The World of Rice Puddings

I’m in Sydney, tending to my father, who is still recovering from a pretty savage open-heart surgery. Cooking is my first service today, and as my father requested ‘rice pudding cooked just like my mum used to make’, I checked out a few recipes.

My recipe for kheer (Indian-style sweet creamed rice dessert) is a bit different to the one he was accustomed to eat. Here’s some information about this vast subject:Rice puddings are found in nearly every area of the world. Recipes can greatly vary even within a single country. The dessert can be boiled or baked. Different types of pudding vary depending on preparation methods and the ingredients selected. The following ingredients are regularly found in rice puddings.

rice – long or short grain white rice, brown rice, black rice, basmati, or jasmine rice
milk – (whole milk, coconut milk, cream or evaporated)
spices – (nutmeg, cinnamon, ginger etc.)
flavourings – (vanilla, orange, lemon, pistachio, rose water etc.)
sweetener – (sugar, brown sugar, honey, sweetened condensed milk, fruit or syrups)

The following is a short list of various rice puddings from different regions.

East Asia

Kao Niow Dahm (Thai) Black Rice Pudding
Banana Rice Pudding (Cambodian)
Babao Fan (Chinese) Eight Treasure Rice Pudding
Pulut Hitam (Malaysian) Black glutinous rice pudding

South Asia

Kheer (Pakistani/Indian) with slow-boiled milk
Firni (Pakistani/Afghan/North Indian) with broken rice, cardamom and pistachio served cold.
Middle East

Firni (Afghan/Pakistani) Rice ground to powder cooked with milk and sugar, usually flavored with cardamom, garnished with slivers of pistachios and almonds, as well as with gold or silver warq (decorative, edible foil). Today, restaurants offer firni in a wide range of flavours including mango, fig, custard apple, etc.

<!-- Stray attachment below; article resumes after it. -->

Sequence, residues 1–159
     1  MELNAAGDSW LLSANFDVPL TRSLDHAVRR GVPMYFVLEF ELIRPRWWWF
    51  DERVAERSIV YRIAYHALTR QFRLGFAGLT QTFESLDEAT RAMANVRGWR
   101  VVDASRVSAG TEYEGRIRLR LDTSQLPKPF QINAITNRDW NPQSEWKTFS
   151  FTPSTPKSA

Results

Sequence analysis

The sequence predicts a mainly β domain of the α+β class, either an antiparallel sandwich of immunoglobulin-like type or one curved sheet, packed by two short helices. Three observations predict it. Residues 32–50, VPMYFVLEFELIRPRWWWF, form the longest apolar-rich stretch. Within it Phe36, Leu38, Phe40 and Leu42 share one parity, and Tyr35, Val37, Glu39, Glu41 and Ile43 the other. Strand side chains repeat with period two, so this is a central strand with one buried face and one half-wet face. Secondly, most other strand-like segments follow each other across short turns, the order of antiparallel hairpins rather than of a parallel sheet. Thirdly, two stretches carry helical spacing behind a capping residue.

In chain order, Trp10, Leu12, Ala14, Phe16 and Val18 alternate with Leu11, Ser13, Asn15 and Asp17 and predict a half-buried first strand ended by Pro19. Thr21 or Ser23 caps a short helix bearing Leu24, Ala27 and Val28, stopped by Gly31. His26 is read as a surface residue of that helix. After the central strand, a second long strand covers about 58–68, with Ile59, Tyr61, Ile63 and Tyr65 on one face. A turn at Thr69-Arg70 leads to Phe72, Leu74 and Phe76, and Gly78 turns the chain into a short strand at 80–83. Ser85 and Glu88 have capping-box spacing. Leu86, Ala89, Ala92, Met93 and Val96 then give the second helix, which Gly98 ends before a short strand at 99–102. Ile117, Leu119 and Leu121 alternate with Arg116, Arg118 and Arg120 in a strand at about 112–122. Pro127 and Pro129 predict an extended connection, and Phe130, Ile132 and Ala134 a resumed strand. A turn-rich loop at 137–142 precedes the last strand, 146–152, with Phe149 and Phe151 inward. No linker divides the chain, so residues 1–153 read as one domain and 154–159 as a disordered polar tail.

Sütlaç (Turkish) with milk and vanilla
Muhallebi (Turkish) with rice flour
Moghlie (Arab) with anise and ginger
Riz bi Haleeb (Arab) with rose water
Shola-e-zard (Persian) with saffron

Arroz con leche (Spanish) with cinnamon and lemon
Arroz Doce or Arroz de Leite (Portuguese) with milk, cinnamon and lemon
Budino di Riso (Italian) with raisins and orange peel
Milchreis (German) with cinnamon or cherries
Mliena ryža (Slovak)
Orez cu lapte (Romanian) with milk and cinnamon
Risengrød (Danish) with milk and cinnamon
Risalamande (Danish, after French: Riz à l’amande) with whipped cream, vanilla, and almonds, often served with cherry sauce
Ryzogalo (Greek) with milk and cinnamon
Riskrem (Norwegian)
Risengrynsgrøt (Norwegian)
Risgrynsgröt (Swedish)
Rijstebrij (Dutch)
Riža na mlijeku (Croatian)
Sutlijaš (Bosnian)
Sytlijash (Albanian)
Teurgoule (Normandy)
Oriz na vareniku (Montenegrin)
Tejberizs (Hungarian) with milk, cinnamon or cocoa powder
Latin America

Arroz con leche (Latin American) varied preparation
Arroz con dulce (Puerto Rican) with coconut milk
That reminds me – I tasted an amazing rice pudding in Istanbul, suppled to me by one of my students named Ramiz. Here’s a photo I took of it, and below is the slightly rough recipe given to me by another Turkish friend. I think this is the one I’ll make today,

rice pudding:

Turkish Rice Pudding (Sütlaç)

6 cups of milk
1 cup of sugar
1/2 cup short grain rice
1 tablespoon of rice flour or corn starch
3 – 4 teaspoons of vanilla extract

Wash and drain the rice. Bring 3 cups of water to boil and add rice to water. When rice is cooked, drain it. Place rice and milk on heat. When mixture begins to boil, add sugar and stir occasionally, then turn the heat down. Simmer for about 10 minutes. Make a paste of the rice flour with a little amount of water and stir into milk mixture and continue stirring. Simmer some more. Turn off heat and add vanilla extract. Pour pudding in individual containers, and bake until brown on top. Serve warm or hot, or let cool.
Posted by Kurma on 11/9/06; 7:05:07 AM

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